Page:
§ Sir Peter Emery (East Devon)
I congratulate the Parliamentary Secretary, Office of Public Service on his appointment. I believe that it is some time since Liverpool has had a Minister in Her Majesty's Government. I am only sorry that he should have to answer and support a case of such weakness, but I have no doubt that he will plough through it.
Almost the first act of the new Government, which was announced by press release when the House had not fully convened, was to allow the Prime Minister to get away from having to answer to Parliament twice a week. That act, which was carried without consultation, is entirely contrary to the unanimous recommendation of the Procedure Committee. The recommendation was most carefully made, following the taking of much evidence—including, somewhat unusually, from three previous Prime Ministers.
The recommendation in paragraph 41 of the Procedure Committee's report reads:We are not persuaded that a change, under the existing format for Prime Minister's Questions, to one 30 minute session a week is desirable.The report was unanimously agreed by the Committee, which included four Labour Members, one of whom is now a Minister. They were the hon. Members for Barnsley, Central (Mr. Illsley), for Burnley (Mr. Pike), for Walsall, North (Mr. Winnick), and for West Ham (Mr. Banks), who is now a Minister. The hon. Member for North Cornwall (Mr. Tyler) also voted in favour. The view taken by the Procedure Committee was given definite and specific backing.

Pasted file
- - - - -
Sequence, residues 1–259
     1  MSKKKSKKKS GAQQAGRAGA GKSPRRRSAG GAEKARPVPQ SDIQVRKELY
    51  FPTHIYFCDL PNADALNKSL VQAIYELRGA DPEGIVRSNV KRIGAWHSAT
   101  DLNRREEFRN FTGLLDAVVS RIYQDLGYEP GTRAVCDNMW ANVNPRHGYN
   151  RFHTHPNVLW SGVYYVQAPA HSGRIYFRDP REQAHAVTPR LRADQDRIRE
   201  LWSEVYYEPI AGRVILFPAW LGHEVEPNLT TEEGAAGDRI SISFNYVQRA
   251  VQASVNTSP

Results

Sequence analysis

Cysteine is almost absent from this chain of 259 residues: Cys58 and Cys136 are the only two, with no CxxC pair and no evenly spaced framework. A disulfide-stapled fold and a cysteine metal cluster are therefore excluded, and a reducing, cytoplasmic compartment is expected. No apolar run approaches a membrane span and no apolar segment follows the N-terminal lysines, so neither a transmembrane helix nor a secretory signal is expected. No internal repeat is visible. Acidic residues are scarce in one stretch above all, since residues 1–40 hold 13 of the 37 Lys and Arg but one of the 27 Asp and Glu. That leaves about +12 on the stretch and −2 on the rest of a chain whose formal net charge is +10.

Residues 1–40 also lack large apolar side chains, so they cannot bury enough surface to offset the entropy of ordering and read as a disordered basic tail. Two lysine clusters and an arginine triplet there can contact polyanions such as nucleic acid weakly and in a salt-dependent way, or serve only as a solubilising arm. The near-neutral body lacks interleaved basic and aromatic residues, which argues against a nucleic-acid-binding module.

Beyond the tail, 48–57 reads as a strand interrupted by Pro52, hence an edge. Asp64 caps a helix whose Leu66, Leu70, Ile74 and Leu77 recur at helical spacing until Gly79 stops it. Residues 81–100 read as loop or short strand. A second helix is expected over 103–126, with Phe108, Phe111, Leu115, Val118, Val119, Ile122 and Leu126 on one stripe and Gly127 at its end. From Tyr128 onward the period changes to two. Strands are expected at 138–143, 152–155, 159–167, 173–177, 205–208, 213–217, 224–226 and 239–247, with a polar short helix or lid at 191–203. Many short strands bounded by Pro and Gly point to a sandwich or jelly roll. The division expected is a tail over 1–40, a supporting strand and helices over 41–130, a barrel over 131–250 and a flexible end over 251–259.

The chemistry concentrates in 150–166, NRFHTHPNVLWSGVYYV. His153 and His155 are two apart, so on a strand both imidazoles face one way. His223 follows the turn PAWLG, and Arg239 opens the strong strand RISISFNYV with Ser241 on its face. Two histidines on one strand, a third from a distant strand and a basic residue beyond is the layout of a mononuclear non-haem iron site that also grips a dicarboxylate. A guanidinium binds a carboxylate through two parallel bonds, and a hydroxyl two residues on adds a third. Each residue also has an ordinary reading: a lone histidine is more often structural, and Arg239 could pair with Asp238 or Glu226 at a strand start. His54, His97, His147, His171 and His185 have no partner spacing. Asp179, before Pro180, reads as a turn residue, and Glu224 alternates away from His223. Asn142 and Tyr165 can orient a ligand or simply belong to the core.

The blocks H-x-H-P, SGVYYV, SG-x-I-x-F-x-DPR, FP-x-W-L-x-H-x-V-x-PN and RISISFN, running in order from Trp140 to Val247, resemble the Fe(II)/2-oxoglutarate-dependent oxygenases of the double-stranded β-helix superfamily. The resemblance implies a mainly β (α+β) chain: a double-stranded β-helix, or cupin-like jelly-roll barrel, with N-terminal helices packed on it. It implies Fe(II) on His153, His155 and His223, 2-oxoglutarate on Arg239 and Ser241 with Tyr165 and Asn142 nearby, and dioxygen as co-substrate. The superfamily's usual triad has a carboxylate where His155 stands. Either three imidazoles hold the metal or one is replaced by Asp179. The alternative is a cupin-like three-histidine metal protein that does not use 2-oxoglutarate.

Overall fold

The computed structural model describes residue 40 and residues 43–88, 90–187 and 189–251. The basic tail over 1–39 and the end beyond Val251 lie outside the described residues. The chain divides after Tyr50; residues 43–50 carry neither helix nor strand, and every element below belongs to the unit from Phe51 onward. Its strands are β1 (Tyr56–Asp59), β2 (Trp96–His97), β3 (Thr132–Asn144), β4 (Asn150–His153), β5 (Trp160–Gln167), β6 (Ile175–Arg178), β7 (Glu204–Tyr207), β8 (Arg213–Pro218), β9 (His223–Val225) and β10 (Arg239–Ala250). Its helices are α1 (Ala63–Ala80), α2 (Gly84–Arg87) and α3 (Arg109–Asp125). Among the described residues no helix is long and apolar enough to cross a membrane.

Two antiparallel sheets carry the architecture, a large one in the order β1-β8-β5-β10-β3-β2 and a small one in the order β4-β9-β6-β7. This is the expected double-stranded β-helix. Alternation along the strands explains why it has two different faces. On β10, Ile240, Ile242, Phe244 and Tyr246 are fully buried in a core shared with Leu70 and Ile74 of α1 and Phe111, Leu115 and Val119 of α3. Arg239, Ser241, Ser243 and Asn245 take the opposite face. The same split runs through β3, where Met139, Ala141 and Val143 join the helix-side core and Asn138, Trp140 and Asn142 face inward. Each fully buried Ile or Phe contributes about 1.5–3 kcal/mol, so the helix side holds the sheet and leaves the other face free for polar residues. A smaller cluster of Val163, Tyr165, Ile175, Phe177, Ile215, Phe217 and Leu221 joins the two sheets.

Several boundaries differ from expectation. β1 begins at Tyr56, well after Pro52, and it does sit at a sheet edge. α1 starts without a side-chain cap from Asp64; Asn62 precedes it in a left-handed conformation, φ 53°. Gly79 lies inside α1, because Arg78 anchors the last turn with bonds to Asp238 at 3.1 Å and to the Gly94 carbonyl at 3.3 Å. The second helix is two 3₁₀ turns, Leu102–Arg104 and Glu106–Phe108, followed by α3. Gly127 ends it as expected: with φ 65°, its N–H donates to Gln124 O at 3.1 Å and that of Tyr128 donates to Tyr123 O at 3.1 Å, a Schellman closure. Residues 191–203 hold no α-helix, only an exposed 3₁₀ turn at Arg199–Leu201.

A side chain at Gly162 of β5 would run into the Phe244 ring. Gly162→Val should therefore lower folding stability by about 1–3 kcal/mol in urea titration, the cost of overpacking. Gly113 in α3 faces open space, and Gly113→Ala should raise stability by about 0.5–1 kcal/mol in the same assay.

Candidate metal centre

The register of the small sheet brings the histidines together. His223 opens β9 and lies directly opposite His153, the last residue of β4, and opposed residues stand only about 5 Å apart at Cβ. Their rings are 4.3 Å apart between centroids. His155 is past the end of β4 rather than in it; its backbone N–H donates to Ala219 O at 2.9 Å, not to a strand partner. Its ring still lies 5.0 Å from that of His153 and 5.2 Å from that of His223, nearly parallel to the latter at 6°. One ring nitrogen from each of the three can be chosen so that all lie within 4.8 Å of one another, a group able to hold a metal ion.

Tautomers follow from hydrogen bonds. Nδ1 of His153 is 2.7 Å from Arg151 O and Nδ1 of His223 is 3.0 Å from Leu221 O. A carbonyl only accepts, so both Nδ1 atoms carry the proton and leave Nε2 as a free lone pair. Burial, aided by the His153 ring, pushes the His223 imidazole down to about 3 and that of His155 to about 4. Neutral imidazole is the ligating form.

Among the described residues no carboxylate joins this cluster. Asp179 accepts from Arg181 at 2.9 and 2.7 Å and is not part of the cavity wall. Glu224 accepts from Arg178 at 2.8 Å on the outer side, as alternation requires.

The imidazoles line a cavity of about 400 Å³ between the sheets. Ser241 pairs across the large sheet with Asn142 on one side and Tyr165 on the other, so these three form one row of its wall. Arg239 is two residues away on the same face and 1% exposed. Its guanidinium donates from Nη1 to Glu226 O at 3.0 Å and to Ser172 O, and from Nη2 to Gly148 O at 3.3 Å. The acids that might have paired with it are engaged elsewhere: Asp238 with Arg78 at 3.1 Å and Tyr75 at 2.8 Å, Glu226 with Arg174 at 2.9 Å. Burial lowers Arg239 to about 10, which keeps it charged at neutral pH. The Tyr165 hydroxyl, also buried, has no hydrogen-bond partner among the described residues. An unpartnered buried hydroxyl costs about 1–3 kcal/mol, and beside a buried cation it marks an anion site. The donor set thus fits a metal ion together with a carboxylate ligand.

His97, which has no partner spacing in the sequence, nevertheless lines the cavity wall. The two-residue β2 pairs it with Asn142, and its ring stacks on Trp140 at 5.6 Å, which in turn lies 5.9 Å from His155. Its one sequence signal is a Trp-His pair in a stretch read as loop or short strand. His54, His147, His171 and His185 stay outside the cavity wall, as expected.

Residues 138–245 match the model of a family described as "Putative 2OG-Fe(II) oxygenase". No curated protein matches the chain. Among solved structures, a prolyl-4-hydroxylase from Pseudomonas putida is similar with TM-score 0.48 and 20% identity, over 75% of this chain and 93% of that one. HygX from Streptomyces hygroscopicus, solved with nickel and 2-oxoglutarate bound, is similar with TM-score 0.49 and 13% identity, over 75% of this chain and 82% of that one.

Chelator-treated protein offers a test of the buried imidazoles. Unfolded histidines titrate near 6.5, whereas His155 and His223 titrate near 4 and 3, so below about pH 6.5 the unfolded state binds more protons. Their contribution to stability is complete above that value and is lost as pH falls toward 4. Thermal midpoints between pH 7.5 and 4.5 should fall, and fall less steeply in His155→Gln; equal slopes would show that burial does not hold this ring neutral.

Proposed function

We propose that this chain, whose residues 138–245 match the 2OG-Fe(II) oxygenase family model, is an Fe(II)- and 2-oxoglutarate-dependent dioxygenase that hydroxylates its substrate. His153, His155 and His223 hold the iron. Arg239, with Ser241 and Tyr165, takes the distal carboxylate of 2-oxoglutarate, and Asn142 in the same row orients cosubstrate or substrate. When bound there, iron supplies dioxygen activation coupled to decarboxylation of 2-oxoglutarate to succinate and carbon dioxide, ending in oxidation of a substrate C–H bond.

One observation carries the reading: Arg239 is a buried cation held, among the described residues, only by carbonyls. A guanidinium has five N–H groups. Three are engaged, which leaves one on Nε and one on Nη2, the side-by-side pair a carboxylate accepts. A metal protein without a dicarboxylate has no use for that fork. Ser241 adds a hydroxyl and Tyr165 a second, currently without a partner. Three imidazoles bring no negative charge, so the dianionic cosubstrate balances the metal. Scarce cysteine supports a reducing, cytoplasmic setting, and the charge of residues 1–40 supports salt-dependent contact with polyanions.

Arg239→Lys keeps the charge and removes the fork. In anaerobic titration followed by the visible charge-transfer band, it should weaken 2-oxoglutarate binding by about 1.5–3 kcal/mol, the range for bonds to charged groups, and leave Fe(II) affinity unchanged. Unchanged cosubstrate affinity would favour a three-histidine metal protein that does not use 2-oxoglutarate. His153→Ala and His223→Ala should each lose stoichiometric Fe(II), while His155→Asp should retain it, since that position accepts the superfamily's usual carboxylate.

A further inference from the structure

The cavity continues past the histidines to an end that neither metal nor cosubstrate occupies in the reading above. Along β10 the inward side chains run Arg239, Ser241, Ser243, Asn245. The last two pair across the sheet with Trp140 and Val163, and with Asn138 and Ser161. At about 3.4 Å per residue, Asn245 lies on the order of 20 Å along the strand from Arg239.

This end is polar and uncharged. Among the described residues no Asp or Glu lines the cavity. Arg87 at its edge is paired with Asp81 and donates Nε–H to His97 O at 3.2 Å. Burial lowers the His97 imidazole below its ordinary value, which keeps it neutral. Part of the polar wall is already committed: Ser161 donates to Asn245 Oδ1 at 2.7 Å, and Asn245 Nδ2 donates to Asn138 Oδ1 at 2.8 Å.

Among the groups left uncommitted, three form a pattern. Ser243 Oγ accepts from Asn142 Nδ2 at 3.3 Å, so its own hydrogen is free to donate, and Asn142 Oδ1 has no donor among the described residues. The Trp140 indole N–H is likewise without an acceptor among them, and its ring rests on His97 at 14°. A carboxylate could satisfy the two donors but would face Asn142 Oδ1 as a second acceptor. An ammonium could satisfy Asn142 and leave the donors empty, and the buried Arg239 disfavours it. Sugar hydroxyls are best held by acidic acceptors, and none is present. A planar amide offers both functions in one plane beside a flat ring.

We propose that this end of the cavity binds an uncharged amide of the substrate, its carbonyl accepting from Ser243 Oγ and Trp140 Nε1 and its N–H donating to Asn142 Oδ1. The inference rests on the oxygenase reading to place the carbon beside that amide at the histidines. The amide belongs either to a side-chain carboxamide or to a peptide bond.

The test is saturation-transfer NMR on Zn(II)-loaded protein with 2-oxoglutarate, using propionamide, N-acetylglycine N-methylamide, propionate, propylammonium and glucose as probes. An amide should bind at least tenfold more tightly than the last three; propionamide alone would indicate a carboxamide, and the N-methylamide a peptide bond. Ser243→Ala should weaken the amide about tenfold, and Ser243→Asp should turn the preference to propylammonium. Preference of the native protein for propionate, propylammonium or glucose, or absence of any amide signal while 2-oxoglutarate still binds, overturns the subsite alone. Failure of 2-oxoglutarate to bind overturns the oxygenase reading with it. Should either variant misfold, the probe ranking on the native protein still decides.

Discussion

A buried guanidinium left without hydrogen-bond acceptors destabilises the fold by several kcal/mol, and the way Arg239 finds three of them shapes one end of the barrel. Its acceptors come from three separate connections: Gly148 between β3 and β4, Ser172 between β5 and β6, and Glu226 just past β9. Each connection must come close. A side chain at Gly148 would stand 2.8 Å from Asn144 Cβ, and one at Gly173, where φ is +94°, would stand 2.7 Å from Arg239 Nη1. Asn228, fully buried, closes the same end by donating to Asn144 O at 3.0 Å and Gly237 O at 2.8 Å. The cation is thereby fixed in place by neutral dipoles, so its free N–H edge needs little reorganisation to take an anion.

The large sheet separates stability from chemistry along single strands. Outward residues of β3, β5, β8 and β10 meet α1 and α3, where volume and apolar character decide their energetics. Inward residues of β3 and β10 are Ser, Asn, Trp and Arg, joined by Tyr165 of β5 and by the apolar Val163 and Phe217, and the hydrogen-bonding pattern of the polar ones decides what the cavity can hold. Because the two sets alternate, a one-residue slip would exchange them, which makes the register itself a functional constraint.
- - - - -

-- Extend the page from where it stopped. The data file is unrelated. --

Such evidence may be enough—but, stop, is there something more? I remind the House that there is. On page 43 of the report, a letter reads:I can see a good case for a radical overhaul of Prime Minister's Questions to replace the existing pattern with a once weekly session of half an hour in which there is more of an opportunity to probe the Prime Minister in depth … I very much doubt that any Prime Minister or Leader of the Opposition has ever actually looked forward to 3.15 on Tuesdays and Thursdays. These sessions"—mark the word "sessions"are however a fundamental part of our parliamentary democracy, and a part that is now familiar to the public.That evidence was given not by a Conservative Minister but by the Prime Minister when he was Leader of the Opposition. During the election campaign, the Prime Minister repeated the phrase "Trust me" many times, but it is proving a fairly hollow entreaty as the Blair Government set about riding roughshod over the rights and duties of Parliament to hold the Executive to account.
Let us consider the issue in a logical sequence and consider the arguments put by the Leader of the House, who I am sorry is not in her place to defend her action. I believe that the decision was forced on her and was not of her own choosing. The Prime Minister rejected absolutely the concept of the right of the Leader of the Opposition to have a go at the Prime Minister twice a week—which had been his right. He had made it nearly mandatory to ask three supplementary questions each session, totalling six questions a week—at least two being carefully prepared soundbites ensuring that some damaging comment was made about the Government.